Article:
Road Test: 2023 Mazda3 Hatchback AWD Turbo
Design + Performance Value
The 2023 Mazda3 is the last remaining sedan in the Mazda line-up. Offered in both a sedan and hatchback, if a car company needed to have just one four-door non-SUV, then they couldn’t do much better than the Mazda3.
The Mazda3 hatchback cuts a figure with a refined design that is as eye-catching now as when it was introduced in 2019.
The 2023 Mazda3 Hatchback AWD Turbo is fun to drive, which is no surprise. If you have ever driven a Mazda, you will know that, top-to-bottom in their line-up, they make the best-handling cars and crossovers that aren’t marketed as a pure sports model.
The Mazda3 is offered with two engine choices, with either front-wheel drive (FWD) or all-wheel drive (AWD). Clean Fleet Report drove the Mazda3 Hatchback AWD Premium Plus with a turbocharged 4-cylinder that produces either 227 horsepower (hp) and 310 pound-feet of torque (lb.-ft.) of torque when using 87 octane, or 250 hp and 320 lb.-ft. of torque when pumping 91 octane. So, based on your budget and the need for more oomph, going for high-test could be worthwhile. The Mazda3 comes with a 6-speed automatic with paddle shifters.
The EPA rates the Mazda3 Hatchback AWD at 23 mpg city/31 highway/26 combined. Opt for the FWD model, and those numbers increase to 26/33/29. In 261 miles of city and freeway driving, we averaged 24.1 mpg, which is a bit below its rating, but not noteworthy for its class. Fuel economy numbers reported by Clean Fleet Report are non-scientific, and represent the reviewer’s driving experience using the dash gauge computer. Your numbers may differ.
Driving Experience: On the Road
While the Mazda3 is not offered in a high-performance model, that doesn’t mean it isn’t one of the most fun compact cars to drive. It is agile, responsive and nimble; it wants/begs you to seek out curves, yet has a compliant highway ride. The accurate steering begins with independent MacPherson struts front and rear, dynamic stability control, traction control and Bridgestone Turanza 215/45 tires on 18-inch alloy wheels.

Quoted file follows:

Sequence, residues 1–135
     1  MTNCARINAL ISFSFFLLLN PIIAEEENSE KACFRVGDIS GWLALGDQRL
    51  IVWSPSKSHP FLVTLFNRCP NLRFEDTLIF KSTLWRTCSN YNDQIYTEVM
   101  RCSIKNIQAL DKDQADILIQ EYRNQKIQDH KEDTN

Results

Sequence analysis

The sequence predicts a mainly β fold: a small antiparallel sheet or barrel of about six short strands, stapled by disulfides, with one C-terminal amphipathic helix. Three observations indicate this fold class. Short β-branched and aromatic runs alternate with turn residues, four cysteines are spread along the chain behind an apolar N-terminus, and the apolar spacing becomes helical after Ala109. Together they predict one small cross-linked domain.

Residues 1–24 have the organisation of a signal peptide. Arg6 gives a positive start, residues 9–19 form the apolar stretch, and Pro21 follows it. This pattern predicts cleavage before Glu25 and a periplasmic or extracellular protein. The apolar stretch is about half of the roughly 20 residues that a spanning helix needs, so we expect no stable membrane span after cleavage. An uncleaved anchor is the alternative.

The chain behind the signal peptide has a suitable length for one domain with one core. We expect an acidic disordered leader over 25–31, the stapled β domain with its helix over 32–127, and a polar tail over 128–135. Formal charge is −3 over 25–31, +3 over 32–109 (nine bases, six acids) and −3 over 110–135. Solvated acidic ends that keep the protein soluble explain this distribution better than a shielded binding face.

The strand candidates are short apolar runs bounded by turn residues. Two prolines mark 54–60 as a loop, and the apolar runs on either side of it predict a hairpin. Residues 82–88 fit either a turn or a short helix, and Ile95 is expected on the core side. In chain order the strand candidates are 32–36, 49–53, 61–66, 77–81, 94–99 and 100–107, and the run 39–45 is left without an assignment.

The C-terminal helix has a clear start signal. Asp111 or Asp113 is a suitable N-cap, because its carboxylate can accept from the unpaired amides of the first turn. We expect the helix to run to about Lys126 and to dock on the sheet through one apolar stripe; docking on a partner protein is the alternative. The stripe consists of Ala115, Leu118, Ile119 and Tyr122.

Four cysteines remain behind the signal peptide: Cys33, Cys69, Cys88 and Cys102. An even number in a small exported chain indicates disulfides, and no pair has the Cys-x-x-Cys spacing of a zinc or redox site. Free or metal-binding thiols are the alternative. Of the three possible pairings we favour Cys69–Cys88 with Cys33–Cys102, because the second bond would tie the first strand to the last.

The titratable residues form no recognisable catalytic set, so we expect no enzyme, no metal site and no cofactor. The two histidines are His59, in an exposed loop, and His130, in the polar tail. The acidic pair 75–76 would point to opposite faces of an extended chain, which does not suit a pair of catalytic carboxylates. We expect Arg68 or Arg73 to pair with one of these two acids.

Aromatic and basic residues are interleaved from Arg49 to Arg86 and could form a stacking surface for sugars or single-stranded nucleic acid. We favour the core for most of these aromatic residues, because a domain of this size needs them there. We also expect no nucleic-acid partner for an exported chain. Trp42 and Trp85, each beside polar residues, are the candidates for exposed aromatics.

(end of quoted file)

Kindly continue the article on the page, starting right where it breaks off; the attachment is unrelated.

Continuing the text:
The key suspension technologies are the G-Vectoring Control system, and the i-Active AWD, which uses instantaneous driving data to anticipate wheel slippage and improve traction. When cornering, the G-Vectoring Control adjusts engine torque to shift weight, increase steering response and apply a bit of brake to seamlessly aid in making cornering easier. How well does the 3,393-pound Mazda3 AWD handle? In its own way it gives the 2,493-pound Mazda MX-5 Miata a run for its money.
There is one driver selectable drive mode of Sport, where the automatic transmission shifts are quicker than the default Normal mode. If you choose, paddle shifters and a manual option allows you to control all the shifting. The turbocharger is refined with no lag, offering near instant response. When tromping the accelerator in Sport mode, the engine noise increases a bit and then becomes quiet at freeway speeds. With a 6,200 rpm redline, acceleration pulls strong in the 3,500-5,500 rpm range, producing 0-60 times in the low 6 seconds.
We did not test the Mazda3 with the 6-speed manual transmission, which is only available with front-wheel drive. Improving on the low 6-second range for 0-60 should not be expected, as automatic transmissions are so good now that manuals usually don’t improve on them. However, we’re big fans of manual transmissions (and Mazda makes a great one), so you can expect your driving fun to increase as there just isn’t anything that can match gliding through the gears on mountain twisties.
Driving Experience: Exterior
Following its “Kodo–Soul Of Motion” design language makes the Mazda3 one of the most unique and noticeable compact cars on the market.
The flowing design of the hatchback is dominated by the back half of the car, where the large C-pillar styling is the only one of its kind on the road. The distinct appearance on the Mazda3 hatch begins with the blacked-out front grille and the slender LED head and daytime running lights. The Mazda designers did something that Clean Fleet Report wishes other car company’s would adopt—eliminating the clunky faux air scoops on the outer corners of the fascia, replacing them with curved panels. This one little thing makes all the difference in the car looking smooth and classy, not bulky.
Design cues for the Mazda3 Hatchback include a long hood, laid-back windshield, short overhangs front and rear and the distinctive rear hatch with an integrated spoiler. Clean Fleet Report’s Mazda3 was painted in Snowflake White Pearl, a $395 option, with the only chrome found on the Mazda logo badges front and rear, some petite side window trim pieces and the twin exhaust tips. The red tail LED lights were the only color on our car, which gave the backend a menacing look.
Driving Experience: Interior